It is to question Marx on this matter that I wish to do here … while still considering myself to be Marxist. First off, though, I need to make clear that I see two (very different) possible interpretations of what Marx meant by "the development of the productive forces" in the passage just quoted. (3) The 'standard' interpretation, made by all of the revolutionaries and groups referred to above, is what I call the productivist version. It understands by "development of the productive forces" only quantitative increase in productive capacity. "Development" is understood as genesis or bringing into existence only. Productivity, as an empirically verifiable quality of the productive forces is the key. The other interpretation understands by "development of the productive forces" their actual implementation, utilization, or application, as opposed to their genesis. In this sense, their development is fettered if their full utilization or implementation in practice is blocked. New productive forces may have been brought into being (by the decadent society), but they haven't been really developed in the sense of being fully utilized to the benefit of society. This interpretation will be elaborated below with the aid of a few key quotes from Marx.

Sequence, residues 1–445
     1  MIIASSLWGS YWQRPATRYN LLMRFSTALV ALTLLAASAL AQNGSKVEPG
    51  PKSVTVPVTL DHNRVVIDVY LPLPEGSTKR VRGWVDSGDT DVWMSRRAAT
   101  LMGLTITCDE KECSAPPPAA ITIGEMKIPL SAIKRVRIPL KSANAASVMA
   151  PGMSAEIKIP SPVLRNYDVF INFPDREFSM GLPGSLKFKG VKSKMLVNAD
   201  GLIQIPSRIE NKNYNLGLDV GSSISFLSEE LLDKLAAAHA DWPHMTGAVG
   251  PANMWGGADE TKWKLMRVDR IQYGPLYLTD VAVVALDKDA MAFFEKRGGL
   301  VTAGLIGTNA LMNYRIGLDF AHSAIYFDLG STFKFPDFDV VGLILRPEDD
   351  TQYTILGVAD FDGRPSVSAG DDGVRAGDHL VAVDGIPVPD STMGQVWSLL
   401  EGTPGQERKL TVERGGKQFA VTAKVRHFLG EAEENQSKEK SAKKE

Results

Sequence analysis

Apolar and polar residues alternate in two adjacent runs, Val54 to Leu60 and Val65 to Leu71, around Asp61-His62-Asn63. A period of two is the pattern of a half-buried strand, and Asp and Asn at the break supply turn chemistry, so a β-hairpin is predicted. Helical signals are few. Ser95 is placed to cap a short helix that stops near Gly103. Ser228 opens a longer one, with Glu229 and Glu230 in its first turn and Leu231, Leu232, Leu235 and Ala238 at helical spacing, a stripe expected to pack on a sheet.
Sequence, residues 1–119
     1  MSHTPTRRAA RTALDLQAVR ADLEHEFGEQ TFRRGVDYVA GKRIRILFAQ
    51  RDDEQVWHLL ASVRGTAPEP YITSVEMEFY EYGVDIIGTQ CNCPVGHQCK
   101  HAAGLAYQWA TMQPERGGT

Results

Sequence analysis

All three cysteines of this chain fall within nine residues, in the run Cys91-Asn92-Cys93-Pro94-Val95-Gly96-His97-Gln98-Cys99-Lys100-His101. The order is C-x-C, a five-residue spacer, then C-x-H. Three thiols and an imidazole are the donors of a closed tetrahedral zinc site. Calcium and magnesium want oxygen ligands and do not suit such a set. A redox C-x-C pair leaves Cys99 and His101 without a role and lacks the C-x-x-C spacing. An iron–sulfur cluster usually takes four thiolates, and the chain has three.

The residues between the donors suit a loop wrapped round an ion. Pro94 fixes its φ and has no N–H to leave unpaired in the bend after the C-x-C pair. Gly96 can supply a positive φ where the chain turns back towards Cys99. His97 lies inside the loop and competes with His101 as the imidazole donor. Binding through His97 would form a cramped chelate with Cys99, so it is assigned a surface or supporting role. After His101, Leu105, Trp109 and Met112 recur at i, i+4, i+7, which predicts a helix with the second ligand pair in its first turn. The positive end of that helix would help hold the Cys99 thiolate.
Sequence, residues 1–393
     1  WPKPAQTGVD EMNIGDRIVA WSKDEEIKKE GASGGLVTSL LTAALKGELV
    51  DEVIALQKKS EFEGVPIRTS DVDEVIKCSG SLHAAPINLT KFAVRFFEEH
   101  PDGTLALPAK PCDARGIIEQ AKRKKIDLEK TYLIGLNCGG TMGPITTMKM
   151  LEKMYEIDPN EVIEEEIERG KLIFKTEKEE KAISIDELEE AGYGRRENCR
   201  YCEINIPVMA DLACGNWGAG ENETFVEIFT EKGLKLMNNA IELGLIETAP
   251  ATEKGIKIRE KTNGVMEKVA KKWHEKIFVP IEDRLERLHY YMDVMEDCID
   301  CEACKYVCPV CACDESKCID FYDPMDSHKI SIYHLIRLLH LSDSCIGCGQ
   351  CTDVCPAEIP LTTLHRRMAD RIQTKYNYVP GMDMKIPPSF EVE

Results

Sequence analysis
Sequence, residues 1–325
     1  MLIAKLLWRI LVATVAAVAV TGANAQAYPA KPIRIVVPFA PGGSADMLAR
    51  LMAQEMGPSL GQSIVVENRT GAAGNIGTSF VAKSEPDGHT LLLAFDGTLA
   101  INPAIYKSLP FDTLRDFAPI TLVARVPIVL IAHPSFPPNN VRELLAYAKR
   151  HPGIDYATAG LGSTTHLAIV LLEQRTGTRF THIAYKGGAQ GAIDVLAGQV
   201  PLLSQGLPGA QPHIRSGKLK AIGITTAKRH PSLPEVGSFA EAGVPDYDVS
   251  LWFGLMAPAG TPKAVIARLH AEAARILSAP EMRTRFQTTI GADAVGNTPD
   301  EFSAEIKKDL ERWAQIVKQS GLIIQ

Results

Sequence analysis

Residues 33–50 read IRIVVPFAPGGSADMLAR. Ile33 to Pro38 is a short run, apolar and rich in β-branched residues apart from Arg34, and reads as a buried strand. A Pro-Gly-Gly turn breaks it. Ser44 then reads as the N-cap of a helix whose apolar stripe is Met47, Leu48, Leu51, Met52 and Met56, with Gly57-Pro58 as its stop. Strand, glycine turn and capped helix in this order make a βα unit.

The way the passage quoted above from the Preface is worded, it is difficult to argue against the productivist interpretation of it; especially when one considers the famous sentence (which comes a little after the one quoted above) that "[n]o social order disappears before all the productive forces for which there is room in it have been developed ...." The wording does seem to me to definitely reinforce the productivist interpretation of the earlier sentence (the "fetters" one). However, there is some powerful evidence to be found for the alternative interpretation of what Marx's view really was in the Communist Manifesto (CM). In fact, in the section entitled "Bourgeois and Proletarians", Marx and Engels discuss the same themes at one point, and even use the word "fetters" (or "fettered") three times! And it is clear to me that their view there was NOT productivist.